Peter Rubins from Grow L+A is a proponent of the twin cities assets, especially the Androscoggin river, stands on the Riverwalk in Auburn with a dry Great Falls in the background and one of the “Museum in the Streets” signs that Lewiston will soon be erecting. Russ Dillingham/Sun Journal Buy this Photo

LEWISTON — Two years ago, Peter Rubins and a team of local collaborators already had plans for a walking history trail that would span both sides of the Androscoggin River. The only problem was they did not have a funding source.

By next month, a series of 32 “Museum in the Streets” historical panels will be installed at multiple locations spanning the two cities — 15 each in Lewiston and Auburn, with two introductory panels.

The signs start at the West Pitch in Auburn, head down the walking paths, travel across the river to Lisbon Street in Lewiston, and loop back to Veterans Memorial Park. Auburn’s signs were installed last week. Lewiston’s are set to go in next month.

With some convincing, the funding eventually came from both cities, which split the cost to have the Maine-based company create the signs. But while the cities paid the bill, those involved said it was a large team effort led by a tireless Rubins. And as chairman of the Grow L+A river working group, Rubins has other plans in store.

“We feel like the river is the reason Lewiston-Auburn exists and that it could be a draw for people to come visit the falls, walk the path and see it as more recreational,” he said.

Rubins said similar things during a Lewiston City Council meeting last week, where he updated officials on the walking history trail. He plans to provide a similar update to Auburn officials this week.


“Where else can you see falls like that without going to Niagara, or driving 10 miles and hiking five,” he said.

“He’s the one who really pushed for it,” said Rachel Desgrosseilliers, founding executive director of Museum L-A, which assisted with the project. “We knew it was going to be a big effort. It was good to have a project director to keep us on a straight path. Without that, this could not have happened.”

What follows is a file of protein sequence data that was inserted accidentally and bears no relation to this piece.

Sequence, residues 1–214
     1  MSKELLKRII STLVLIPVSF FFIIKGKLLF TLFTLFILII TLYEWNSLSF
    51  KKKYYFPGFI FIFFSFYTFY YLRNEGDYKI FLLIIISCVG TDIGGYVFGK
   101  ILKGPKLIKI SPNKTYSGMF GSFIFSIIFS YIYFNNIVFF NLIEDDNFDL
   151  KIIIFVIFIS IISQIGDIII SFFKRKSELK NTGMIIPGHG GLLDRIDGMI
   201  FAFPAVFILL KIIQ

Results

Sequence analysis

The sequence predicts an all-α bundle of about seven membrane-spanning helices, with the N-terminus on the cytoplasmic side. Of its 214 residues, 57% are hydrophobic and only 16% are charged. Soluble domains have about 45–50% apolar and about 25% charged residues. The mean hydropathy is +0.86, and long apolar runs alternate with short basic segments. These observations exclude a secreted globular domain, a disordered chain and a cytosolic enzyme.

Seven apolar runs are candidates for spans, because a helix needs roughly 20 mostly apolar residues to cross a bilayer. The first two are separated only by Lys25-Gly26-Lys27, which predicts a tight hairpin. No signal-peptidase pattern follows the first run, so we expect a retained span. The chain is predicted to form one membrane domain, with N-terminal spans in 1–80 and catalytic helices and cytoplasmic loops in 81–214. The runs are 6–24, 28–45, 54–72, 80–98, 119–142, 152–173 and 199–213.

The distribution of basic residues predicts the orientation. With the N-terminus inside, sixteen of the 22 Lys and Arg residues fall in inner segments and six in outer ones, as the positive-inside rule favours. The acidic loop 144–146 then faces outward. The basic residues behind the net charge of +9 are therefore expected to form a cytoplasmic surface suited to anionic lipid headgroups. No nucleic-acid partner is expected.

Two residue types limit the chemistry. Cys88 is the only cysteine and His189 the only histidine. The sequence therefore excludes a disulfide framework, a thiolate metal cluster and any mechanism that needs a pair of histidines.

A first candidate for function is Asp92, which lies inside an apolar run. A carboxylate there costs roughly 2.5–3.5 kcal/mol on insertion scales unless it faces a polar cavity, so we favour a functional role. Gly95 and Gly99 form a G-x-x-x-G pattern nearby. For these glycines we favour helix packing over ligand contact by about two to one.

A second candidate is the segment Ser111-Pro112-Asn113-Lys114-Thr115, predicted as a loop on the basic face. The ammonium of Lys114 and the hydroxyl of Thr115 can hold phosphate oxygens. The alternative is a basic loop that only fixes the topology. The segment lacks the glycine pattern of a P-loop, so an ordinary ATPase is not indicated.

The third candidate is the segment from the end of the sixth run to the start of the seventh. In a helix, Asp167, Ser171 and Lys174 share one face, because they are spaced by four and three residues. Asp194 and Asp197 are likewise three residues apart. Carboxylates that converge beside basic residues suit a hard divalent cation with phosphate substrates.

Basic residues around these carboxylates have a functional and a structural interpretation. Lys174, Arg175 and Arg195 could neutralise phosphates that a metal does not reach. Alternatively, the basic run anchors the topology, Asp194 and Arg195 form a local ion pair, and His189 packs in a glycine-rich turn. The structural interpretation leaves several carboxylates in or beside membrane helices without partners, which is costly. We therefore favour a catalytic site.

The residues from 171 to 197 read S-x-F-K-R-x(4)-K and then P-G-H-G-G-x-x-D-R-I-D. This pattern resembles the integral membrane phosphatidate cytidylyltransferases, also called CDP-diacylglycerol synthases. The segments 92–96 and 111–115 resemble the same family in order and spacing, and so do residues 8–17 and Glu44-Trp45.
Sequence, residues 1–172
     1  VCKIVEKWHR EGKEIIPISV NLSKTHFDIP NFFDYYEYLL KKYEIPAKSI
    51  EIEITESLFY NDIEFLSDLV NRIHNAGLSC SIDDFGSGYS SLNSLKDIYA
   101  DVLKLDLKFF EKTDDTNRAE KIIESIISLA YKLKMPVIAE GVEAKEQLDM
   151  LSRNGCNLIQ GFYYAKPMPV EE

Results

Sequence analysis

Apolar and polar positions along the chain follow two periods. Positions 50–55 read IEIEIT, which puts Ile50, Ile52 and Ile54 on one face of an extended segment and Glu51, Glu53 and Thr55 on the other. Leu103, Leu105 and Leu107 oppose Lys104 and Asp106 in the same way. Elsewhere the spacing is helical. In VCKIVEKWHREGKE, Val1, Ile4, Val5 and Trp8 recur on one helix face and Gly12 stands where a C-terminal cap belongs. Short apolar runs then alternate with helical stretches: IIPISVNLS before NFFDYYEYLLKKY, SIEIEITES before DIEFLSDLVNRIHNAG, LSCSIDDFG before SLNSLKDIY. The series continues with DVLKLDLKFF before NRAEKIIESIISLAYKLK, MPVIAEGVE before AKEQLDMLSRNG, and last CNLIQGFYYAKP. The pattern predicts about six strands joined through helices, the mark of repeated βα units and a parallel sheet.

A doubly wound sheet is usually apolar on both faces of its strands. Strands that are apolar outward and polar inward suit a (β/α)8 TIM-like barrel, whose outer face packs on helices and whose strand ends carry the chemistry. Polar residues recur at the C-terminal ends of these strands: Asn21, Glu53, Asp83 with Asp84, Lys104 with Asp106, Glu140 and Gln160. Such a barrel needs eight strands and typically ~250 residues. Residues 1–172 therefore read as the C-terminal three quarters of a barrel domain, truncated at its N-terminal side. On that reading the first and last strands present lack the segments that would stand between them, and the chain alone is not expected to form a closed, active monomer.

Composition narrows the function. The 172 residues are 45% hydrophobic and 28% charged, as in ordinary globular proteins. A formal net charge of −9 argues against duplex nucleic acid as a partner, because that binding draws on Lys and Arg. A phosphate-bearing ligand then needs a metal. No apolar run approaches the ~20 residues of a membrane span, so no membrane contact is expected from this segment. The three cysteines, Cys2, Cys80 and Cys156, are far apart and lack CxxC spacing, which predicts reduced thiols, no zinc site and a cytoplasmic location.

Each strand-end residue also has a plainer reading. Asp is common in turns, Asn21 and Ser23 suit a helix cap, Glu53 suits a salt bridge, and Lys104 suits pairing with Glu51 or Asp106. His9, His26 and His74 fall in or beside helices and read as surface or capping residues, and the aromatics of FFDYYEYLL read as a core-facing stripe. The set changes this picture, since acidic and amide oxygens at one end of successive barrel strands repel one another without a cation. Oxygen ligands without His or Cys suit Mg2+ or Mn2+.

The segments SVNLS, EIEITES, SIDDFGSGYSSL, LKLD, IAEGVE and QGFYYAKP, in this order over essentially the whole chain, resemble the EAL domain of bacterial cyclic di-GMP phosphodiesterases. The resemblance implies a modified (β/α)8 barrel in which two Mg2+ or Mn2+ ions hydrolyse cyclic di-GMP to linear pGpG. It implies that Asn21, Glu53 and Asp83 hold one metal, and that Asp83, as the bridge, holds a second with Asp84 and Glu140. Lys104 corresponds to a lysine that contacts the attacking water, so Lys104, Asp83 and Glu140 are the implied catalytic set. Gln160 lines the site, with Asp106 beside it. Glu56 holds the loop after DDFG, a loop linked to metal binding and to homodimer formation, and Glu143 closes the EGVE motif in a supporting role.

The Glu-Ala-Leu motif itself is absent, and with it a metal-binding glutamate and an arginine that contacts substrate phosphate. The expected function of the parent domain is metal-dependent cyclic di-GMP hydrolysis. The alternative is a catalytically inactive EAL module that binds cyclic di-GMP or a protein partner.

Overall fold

While many would like to credit Rubins for leading the charge, the list of collaborators is impressive. It also includes the Androscoggin Land Trust, Androscoggin Historical Society, Healthy Androscoggin, Bates College and staff from both cities.

Desgrosseilliers said a Museum in the Streets project was eyed eight to 10 years ago, but funding was always the barrier. At least 10 other Maine municipalities have installed Museum in the Streets signs, including Augusta.

She said Museum L-A staff, particularly Kate Webber, lent a hand in crafting the stories on each sign, which had to be pared down.

“We had too many stories to tell,” she said. “I always tell that to people here. We could work at the museum 50 years and we’d never run out of great stories to tell about the community.”


Shelley Kruszewski, executive director of the Androscoggin Land Trust, said the Museum in the Streets route provides a connection between the downtowns of both cities and the river.

“It provides people with a great opportunity to get some fresh air and exercise, explore the area and learn about Lewiston and Auburn’s rich history and relationship with the Androscoggin River all at the same time,” she said. “The river has made a remarkable recovery in recent decades, is inextricably linked to the histories of Lewiston and Auburn and is a central feature that is enjoyed by both cities for recreation and education, and it is great to see it highlighted through this project.”

Doug Hodgkins, director of the Androscoggin Historical Society, gathered much of the historical information, photos and wrote the text for many of the signs. Bates College students gathered other information, some of it from Hodgkins’ books on local history. He said Joseph Hall of the Bates history department wrote the stories dealing with indigenous people.

All 30 signs also feature French translations, which Desgrosseilliers called a significant honor to the region’s heritage.

Kruszewski added that the Bates students “played a big role in the project,” focusing their capstone project on the effort.

Rubins said now that the history trail is in place, his next projects include pushing Brookfield to allow timed releases of water over the falls during events, looking into lighting the falls and restoring the river to a Class B waterway. It is now a Class C.

While Brookfield’s license isn’t up until 2026, Rubins says he is already trying to help the two cities collaborate and pitch for more recreational amenities as part of the process.

“Now we just need an ice circle,” he said, referring to the spinning slab of ice in Westbrook that became a viral sensation early this year. “Do you know how to manufacture one?”

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